- Publisher: Free Press; 1st edition (2004)
- Language: English
- ISBN-10: 9780743260244
- ISBN-13: 978-0743260244
- ASIN: 0743260244
- Product Dimensions: 16 x 3.8 x 24 cm
- Shipping Weight: 522 g
- Average Customer Review: 339 customer reviews
- Amazon Bestsellers Rank: #793,779 in Books (See Top 100 in Books)
Against All Enemies: Inside America's War On Terror. Hardcover – 2004
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From Publishers Weekly
A few bars of heavy, ominous-sounding orchestral music set the tone for this incendiary account of the events that occurred inside the White House on 9/11 and the months and years prior to it. Former counterterrorism director Clarke starts out by describing how he took charge in the situation room on the day of the attacks and facilitated communication among the White House, the FBI and the FAA. The level of detail Clarke includes is impressive. Not only does he paint a vivid portrait of the White House in crisis mode, but he even recalls a number of conversations (including one in which Bush, after learning of al Qaeda's involvement, purportedly tells Clarke, "See if Saddam did this. See if he's linked in any way"). Whether one chooses to believe Clarke's version of events or not, this first chapter is riveting, and Clarke delivers it like a pro. With his deep tenor and weighty pauses, Clarke never lets listeners forget the gravity of the situation, but he isn't above making an attempt at the various accents and inflections of the major players. His frustration over how the current administration has responded to 9/11 and how he believes the FBI and CIA failed to act leaks through at times, but by the end of this compelling audiobook, many listeners may share it.
Copyright © Reed Business Information, a division of Reed Elsevier Inc. All rights reserved. --This text refers to an out of print or unavailable edition of this title.
The New York Times Book Review Against All Enemies is too good to be ignored...It is a rarity among Washington-insider memoirs -- it's a thumping good read. --This text refers to an out of print or unavailable edition of this title.See all Product description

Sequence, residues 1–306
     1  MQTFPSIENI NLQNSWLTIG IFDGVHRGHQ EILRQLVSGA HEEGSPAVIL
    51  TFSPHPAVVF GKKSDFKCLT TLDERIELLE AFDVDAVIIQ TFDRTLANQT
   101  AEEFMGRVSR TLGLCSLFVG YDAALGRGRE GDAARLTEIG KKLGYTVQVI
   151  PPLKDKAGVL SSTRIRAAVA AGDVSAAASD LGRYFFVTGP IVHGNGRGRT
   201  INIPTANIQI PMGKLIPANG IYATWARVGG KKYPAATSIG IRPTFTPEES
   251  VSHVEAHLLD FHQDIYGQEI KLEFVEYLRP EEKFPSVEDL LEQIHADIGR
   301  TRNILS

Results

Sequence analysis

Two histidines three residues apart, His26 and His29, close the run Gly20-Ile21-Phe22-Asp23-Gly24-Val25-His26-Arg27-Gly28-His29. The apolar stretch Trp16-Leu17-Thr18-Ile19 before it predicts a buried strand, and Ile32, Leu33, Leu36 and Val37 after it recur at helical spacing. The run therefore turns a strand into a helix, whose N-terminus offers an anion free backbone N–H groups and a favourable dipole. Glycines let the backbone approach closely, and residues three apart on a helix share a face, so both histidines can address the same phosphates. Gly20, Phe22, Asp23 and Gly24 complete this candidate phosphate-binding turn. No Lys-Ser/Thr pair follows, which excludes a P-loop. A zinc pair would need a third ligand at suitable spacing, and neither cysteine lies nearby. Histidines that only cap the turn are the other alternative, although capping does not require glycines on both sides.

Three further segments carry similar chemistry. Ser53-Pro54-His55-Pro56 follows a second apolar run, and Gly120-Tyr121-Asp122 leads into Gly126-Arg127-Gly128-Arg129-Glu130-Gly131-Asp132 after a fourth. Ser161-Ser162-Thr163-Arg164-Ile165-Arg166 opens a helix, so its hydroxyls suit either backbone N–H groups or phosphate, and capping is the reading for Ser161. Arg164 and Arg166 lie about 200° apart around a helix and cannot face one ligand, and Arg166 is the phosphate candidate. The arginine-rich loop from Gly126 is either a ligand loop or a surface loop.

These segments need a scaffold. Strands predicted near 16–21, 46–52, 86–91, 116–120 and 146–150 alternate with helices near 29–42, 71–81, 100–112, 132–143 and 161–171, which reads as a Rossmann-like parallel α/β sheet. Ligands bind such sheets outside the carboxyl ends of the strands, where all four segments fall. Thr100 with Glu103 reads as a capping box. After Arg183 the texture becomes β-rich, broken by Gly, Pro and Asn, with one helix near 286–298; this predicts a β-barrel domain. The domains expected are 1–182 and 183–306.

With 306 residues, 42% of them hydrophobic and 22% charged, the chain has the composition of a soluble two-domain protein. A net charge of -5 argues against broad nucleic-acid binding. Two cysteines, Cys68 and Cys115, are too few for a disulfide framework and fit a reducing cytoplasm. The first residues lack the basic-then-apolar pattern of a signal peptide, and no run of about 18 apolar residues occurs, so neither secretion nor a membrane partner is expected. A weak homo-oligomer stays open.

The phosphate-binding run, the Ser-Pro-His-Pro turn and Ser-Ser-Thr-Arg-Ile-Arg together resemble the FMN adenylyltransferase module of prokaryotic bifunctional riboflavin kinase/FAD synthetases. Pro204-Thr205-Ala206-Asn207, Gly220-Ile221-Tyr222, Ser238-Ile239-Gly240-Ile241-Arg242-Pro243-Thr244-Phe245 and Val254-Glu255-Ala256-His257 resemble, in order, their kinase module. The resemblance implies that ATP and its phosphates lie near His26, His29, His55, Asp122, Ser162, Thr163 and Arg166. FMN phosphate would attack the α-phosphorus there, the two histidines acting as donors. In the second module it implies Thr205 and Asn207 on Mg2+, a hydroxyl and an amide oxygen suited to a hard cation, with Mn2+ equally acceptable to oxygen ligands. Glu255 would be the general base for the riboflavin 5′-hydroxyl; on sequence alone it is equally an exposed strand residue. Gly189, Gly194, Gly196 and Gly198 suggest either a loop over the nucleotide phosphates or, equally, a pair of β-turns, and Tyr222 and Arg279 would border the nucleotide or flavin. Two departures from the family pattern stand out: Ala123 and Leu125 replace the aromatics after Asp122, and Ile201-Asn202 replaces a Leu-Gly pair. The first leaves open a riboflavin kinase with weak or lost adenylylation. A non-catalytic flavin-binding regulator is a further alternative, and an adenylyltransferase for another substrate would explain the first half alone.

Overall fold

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I highly recommend this book. You will find it of most value if you also read Bob Woodward's book, Plan of Attack, that details the background leading up into the Iraq war. If you are skeptical about the Iraq war, you should also read Michael Moore's Dude, Where's My Country and see Fahrenheit 9/11.
Mr. Clarke outlines a series of continuing errors in our efforts to combat terrorism.
1. Ronald Reagan did not retaliate for the killing of 278 Marines in Lebanon, and his people traded arms for hostages in Iran-Contra.
2. George H.W. Bush did not retaliate for the Libyan murder of 259 passengers on Pan Am 103, had no official counter-terrorism effort, left Saddam Hussein in power after the Gulf War, and built up huge forces in Saudi Arabia that are still there.
3. Bill Clinton failed to get the CIA, the Pentagon and FBI to take terrorist threats seriously.
4. George W. Bush ignored al Qaeda despite warnings before 9/11, launched an attack on Iraq that strengthened the fundamentalist Islamic terrorist movement, and has not pursued al Qaeda with much vigor or talent. Instead, Mr. Bush takes credit for launching a war on terror that is actually counter-productive.
The stories of incompetence, neglect, and self-serving actions in this book will make any patriotic American sick to his or her stomach. What's worse is that we have a less good position in pursuing terrorism now than we have been in many years, despite having spent enormous sums and lives to address the situation in ineffective ways. For example, local terrorism responders are fewer in number than they were before 9/11, and needed resources and training have been denied to them to pay for tax cuts and the war in Iraq.